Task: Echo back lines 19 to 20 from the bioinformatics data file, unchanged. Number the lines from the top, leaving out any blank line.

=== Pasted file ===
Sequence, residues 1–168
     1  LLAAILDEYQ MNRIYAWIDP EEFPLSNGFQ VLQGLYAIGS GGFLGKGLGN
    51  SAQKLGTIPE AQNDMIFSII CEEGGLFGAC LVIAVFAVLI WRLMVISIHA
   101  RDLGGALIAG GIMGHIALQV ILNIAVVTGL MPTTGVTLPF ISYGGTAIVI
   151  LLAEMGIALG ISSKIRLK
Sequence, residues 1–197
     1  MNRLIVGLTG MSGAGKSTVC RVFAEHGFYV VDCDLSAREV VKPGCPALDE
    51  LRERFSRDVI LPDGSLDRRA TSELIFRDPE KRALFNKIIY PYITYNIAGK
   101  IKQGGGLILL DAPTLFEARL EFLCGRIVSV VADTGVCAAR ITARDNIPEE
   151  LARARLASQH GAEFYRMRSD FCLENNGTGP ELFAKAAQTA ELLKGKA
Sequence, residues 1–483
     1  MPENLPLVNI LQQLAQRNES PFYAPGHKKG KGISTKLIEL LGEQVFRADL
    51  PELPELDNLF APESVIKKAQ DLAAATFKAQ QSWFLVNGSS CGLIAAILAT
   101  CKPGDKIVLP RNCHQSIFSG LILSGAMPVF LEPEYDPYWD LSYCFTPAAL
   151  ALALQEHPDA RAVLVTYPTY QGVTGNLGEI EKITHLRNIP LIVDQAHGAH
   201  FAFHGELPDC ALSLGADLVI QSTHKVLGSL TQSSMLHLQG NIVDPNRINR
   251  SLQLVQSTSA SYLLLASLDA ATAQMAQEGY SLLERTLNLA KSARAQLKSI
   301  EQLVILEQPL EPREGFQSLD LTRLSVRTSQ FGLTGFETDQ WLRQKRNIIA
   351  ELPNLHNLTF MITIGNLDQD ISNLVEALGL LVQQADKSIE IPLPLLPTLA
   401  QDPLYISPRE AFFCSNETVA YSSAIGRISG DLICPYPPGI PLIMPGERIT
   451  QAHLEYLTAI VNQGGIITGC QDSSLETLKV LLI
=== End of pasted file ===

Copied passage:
   351  ELPNLHNLTF MITIGNLDQD ISNLVEALGL LVQQADKSIE IPLPLLPTLA
   401  QDPLYISPRE AFFCSNETVA YSSAIGRISG DLICPYPPGI PLIMPGERIT